Spotted an anarchist? Call the cops.
That appears to be the instruction from a section of Britain's anti-terrorist police, which has asked shopkeepers and members of the public to report information about anarchists.
The advice appears in a newsletter produced last week by the "counter terrorist focus desk" in the central London district of Westminster.
The newsletter defines anarchism, accurately, as "a political philosophy which considers the state undesirable, unnecessary and harmful, and instead promotes a stateless society, or anarchy."
It adds: "Any information relating to anarchists should be reported to your local police."
The newsletter also provides an update on the overall threat of a terrorist attack in Britain _ considered "substantial," the middle rung on the government's five-point scale _ and on the investigation into the massacre committed by right-wing extremist Anders Behring Breivik in Norway.
As well as requesting information on anarchists, it asks people to report sightings of an emblem linked to al-Qaida in Iraq.
The newsletter is part of Project Griffin, which aims to bring together police, local government and businesses "to protect our communities from terrorism, extremism and crime."
British police blame anarchists for violence that has erupted during protests against government spending cuts and student fee hikes in the past year. Small groups of masked protesters have broken away from large demonstrations to spray graffiti and smash windows, on one occasion attacking a car carrying Prince Charles and his wife Camilla, Duchess of Cornwall to a charity concert.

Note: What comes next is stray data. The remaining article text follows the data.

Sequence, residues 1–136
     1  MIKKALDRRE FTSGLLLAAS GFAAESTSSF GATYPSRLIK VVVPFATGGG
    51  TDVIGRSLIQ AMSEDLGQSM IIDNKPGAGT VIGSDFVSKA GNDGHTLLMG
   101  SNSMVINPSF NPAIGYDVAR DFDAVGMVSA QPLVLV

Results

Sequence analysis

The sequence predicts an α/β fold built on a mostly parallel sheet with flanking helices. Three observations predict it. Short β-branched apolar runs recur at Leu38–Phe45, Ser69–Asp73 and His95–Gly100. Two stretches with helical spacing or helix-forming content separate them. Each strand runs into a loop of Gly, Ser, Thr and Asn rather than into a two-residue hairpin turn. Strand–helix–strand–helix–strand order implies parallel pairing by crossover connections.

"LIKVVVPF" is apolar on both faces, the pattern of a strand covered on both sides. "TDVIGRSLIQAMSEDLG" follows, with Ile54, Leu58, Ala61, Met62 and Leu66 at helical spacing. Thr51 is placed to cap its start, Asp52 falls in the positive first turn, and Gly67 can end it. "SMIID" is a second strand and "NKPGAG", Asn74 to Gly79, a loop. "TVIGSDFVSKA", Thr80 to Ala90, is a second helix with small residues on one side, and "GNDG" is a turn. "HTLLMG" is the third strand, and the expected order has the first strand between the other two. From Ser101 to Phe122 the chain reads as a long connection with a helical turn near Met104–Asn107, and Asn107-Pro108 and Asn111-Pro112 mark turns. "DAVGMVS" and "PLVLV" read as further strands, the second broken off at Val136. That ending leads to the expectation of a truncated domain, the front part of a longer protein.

But anarchists said Monday they were supporters of a broad and legitimate political philosophy who were being unfairly targeted.
Andy Meinke of anarchist publisher Freedom Press said police should "arrest people for committing crimes, and not for what they believe."
"It's obviously ridiculous," he said. "They know exactly who we are. ... We get followed on demonstrations. Everyone who's prominent in British anarchism is known to the police."
A spokesman for London's Metropolitan Police said police were only looking for information on criminal acts, and "does not seek to stigmatize those people with legitimate political views."
"We appreciate that the leaflet could have been worded better," a police statement acknowledged
Still, Meinke said there was an upside to the attention.
"This is the best publicity we've had in years," he said.